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February 10, 1959 - Image 16

Resource type:
Text
Publication:
The Michigan Daily, 1959-02-10

Disclaimer: Computer generated plain text may have errors. Read more about this.


THE MICHIGAN DAILY TUESDAY, FEBRUARY
TREND TO CONTINUE IN 1959:
Claims Communist Movement Losing Ground

By WILLIAM L. RYAN
Associated Press Foreign News Analyst
Communism as a world revolu-
tionary movement lost some
ground in 1958.
Indications are that the trend
will continue in 1959. If this hap-
pens, the coming year can bring
the world closer to total war than
at any time since the guns fell si-
lent in 1945.
Although chances are that the
decade of the "Fearful Fifties" will
pass into history without plunging
civilization over the precipice,
there will be no real peace.
The most nervous moments are
likely to come in May. That is the
Kremlin's deadline for forcing the
West to deal with the East Ger-
man Communist regime. A great
power summit meeting is a distinct
possibility thereafter. Although it
would be unlikely to settle any ma-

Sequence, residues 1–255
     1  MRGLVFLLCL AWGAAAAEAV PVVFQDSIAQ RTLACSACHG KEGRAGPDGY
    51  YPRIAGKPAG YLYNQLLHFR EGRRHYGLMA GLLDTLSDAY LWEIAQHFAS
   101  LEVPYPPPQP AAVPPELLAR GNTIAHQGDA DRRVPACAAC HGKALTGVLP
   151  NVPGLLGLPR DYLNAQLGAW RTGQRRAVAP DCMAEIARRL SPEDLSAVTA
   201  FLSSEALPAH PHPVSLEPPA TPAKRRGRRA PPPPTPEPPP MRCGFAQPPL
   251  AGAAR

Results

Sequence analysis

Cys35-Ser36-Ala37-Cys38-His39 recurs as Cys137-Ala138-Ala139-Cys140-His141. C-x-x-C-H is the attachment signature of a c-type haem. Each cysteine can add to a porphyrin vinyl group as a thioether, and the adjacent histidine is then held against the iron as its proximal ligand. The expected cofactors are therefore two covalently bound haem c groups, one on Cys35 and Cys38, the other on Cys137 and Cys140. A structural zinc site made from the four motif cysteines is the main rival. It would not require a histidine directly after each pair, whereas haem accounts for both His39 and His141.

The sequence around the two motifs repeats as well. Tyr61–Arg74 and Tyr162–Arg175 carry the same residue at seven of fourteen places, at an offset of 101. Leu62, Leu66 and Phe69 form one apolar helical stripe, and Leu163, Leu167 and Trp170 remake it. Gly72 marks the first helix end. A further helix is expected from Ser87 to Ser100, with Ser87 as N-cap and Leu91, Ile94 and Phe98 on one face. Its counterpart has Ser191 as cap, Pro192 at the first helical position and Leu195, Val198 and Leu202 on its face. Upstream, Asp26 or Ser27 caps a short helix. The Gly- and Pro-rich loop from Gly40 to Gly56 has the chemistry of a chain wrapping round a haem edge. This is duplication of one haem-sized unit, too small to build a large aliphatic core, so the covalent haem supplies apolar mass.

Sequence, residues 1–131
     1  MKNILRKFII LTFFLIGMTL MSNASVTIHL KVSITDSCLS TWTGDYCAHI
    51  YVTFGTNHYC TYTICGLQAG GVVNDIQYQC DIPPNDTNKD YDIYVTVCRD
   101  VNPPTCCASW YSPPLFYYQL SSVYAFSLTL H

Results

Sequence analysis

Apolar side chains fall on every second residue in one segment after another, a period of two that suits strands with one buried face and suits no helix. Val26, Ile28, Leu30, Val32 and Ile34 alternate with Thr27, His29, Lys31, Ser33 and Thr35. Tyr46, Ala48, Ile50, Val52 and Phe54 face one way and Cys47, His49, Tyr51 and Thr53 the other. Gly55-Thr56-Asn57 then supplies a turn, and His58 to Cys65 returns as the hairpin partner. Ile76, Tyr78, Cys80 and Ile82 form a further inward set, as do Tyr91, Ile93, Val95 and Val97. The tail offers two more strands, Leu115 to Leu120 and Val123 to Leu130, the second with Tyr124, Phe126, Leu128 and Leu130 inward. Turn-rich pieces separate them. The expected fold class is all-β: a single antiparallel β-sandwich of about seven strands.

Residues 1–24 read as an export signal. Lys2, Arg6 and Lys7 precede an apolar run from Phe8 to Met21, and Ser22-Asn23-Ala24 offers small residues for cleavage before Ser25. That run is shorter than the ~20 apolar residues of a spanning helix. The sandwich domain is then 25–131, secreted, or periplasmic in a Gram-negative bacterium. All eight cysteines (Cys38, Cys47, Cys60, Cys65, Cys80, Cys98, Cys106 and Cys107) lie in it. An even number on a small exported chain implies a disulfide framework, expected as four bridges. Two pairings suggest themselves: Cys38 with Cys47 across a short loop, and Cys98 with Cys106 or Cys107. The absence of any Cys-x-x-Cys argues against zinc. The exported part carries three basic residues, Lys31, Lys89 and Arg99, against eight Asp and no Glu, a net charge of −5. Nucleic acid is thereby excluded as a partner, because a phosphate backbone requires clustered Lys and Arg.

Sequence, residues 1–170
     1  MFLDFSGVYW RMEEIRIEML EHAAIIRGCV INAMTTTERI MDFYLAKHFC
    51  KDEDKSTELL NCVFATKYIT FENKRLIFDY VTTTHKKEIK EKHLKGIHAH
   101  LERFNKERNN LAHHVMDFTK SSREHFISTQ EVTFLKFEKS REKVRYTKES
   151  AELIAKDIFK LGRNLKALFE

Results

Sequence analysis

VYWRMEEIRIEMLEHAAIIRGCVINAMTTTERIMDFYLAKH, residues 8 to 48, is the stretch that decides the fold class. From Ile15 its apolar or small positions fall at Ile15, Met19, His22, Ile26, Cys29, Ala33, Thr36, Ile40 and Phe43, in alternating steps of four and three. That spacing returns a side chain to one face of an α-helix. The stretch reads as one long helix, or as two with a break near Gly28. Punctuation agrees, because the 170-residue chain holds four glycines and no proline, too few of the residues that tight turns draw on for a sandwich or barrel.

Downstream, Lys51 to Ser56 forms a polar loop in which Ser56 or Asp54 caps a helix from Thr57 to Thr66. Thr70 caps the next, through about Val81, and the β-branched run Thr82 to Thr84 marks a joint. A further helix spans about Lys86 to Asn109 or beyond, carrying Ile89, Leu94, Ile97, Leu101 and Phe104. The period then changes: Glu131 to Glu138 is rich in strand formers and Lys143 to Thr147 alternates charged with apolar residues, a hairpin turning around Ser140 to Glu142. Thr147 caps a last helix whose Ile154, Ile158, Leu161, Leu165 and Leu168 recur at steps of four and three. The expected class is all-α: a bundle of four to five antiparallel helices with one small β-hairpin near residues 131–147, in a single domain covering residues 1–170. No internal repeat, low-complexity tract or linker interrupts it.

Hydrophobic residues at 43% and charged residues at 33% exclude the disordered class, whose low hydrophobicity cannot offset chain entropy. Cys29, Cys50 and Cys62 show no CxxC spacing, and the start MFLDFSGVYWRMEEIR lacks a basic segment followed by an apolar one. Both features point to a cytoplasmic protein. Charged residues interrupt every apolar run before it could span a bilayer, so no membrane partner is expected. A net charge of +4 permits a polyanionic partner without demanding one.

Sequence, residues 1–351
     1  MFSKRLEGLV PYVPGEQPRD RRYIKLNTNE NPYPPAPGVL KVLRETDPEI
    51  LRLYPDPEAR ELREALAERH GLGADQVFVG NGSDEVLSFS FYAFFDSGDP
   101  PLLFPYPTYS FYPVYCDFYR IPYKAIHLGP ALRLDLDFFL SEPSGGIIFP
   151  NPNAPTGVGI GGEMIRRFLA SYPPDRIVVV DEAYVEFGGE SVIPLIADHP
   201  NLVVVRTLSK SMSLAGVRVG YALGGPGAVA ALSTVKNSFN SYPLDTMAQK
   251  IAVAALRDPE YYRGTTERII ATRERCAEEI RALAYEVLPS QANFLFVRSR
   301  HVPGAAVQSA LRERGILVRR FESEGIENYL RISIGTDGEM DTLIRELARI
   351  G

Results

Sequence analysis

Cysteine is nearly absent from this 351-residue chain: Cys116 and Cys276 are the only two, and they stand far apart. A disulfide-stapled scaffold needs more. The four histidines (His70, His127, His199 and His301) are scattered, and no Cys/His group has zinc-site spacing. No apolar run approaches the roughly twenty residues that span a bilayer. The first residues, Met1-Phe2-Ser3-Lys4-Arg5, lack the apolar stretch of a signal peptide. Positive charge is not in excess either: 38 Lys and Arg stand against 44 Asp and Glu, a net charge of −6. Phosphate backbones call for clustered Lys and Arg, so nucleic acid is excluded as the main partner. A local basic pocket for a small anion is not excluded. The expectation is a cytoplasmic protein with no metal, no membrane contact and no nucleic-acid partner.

jor problems it could give the
world a breathing spell.
Aggressive Look
Rising Soviet military power
combined with the nakedly aggres-
sive look of its world political
drive has caused serious second
thoughts in the ranks of those
national leaders whp apparently
believed Communism could be used
as a political ally and still be kept
at arm's length.
These measures include the
manufacture of artificial but dan-
gerous crises wherever the Com-
munist leadership may find this
necessary. Here is a brief look at
potential trouble areas in 1959:
THE COMMUNIST BLOC
Soviet Premier Nikita Khrush-
chev's high command in- some
respects is in an unpleasant posi-
tion. Undertaking a super-ambi-
tious seven-year plan to overtake
the United States economically, it
must continue to hold-down on
consumer production. Premier
Khrushchev probably will . be
obliged to restore some degiree of
Stalinism, even though he might
wish to keep up the appearance
of relaxation. The Soviet public is
becoming more and more demand-
ing. .
Soviet policy thus is likely to
lean heavily upon crisis tactics to
piovide both excuse and goad for
the drive to massive economic
power.
Similar considerations to an
even more marked degree impel
Red China to employ crisis tac-